Neurophysiological assessment of the feasibility and safety of neural tissue transplantation in patients with syringomyelia. Academic Article uri icon



  • The feasibility and safety of a procedure involving fetal spinal cord tissue transplantation in patients with syringomyelia was assessed using a neurophysiological protocol designed to quantitate peripheral nerve function, spinal cord reflex excitability, and spinal cord conduction pathways essential for somatosensory evoked potentials. We report here data obtained before and for 18 months following the transplantation procedure performed on the first two patients in this study. The neurophysiological assessment protocols included measures of cortical and spinal cord evoked potentials, H-reflex excitability, and peripheral nerve conduction. Prior to the procedure, both patients had significant deficits on some of the neurophysiological measures, for example, lower extremity cortical evoked potentials. However, robust measures of intact pathways, such as upper extremity cortical evoked potentials, were also observed preoperatively in both patients. Thus, it was anticipated that conduction in these intact pathways could be at risk either from complications from the transplantation procedure and/or from continued expansion of the syrinx. Following the transplantation procedure, no negative changes were observed in any of the neurophysiological measures in either patient. In addition, patient 1 showed a decrease in the rate potentiation of tibial H-reflexes on the right side and an increase in the response probability of left tibial H-reflexes. The results of this postoperative longitudinal assessment provide a first-level demonstration of the safety of the intraspinal neural tissue transplantation procedure. However, the consideration of safety is currently limited to the grafting procedure itself, since the long-term fates of the donor tissue in these two patients remain to be shown more definitively.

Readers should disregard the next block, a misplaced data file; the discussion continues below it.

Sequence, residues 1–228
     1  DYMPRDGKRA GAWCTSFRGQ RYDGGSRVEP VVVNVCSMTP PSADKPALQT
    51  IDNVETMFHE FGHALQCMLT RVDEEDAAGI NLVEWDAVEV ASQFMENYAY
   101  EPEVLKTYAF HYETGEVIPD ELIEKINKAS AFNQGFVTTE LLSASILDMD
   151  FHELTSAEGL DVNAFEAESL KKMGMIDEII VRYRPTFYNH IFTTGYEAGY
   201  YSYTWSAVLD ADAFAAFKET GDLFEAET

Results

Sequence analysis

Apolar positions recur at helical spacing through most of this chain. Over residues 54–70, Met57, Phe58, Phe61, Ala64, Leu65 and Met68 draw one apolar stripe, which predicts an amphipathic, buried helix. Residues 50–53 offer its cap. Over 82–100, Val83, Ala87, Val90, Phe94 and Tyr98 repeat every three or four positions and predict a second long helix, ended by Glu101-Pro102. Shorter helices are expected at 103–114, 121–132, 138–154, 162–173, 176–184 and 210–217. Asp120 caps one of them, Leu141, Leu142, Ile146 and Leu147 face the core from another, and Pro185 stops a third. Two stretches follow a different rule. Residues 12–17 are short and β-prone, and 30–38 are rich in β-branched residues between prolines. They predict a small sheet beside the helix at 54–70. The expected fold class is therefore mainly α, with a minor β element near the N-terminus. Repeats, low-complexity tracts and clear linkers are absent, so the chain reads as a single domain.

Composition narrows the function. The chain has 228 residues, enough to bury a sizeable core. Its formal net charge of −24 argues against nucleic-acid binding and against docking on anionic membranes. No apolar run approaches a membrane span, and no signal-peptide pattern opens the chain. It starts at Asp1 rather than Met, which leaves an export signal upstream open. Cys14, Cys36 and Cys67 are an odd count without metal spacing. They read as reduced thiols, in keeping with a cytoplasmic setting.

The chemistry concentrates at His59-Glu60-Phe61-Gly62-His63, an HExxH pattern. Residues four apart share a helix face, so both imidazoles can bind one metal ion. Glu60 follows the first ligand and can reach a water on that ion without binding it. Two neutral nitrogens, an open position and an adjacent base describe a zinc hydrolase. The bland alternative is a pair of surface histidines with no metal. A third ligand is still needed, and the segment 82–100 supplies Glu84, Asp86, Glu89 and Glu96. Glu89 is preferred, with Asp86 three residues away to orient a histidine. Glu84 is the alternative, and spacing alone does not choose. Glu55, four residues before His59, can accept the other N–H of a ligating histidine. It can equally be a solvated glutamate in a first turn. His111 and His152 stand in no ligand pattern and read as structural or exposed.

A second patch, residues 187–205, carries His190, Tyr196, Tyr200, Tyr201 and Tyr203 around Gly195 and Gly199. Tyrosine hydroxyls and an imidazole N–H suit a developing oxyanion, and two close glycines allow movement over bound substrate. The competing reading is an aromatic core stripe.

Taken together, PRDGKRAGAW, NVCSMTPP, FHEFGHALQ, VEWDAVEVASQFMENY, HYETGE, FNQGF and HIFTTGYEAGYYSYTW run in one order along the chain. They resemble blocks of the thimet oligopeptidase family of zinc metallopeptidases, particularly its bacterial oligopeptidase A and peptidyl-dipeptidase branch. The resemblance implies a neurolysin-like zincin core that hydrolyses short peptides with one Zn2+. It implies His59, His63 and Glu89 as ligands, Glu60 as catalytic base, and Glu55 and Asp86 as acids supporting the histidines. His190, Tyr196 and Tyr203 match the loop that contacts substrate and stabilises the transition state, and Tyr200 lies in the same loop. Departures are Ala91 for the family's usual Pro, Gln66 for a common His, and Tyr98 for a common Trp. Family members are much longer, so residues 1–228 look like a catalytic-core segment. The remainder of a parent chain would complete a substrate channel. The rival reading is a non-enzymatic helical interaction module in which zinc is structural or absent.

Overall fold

publication date

  • September 1, 2001



  • Evoked Potentials, Somatosensory
  • Fetal Tissue Transplantation
  • Spinal Cord
  • Syringomyelia


Scopus Document Identifier

  • 0034849039

PubMed ID

  • 11565604

Additional Document Info


  • 18


  • 9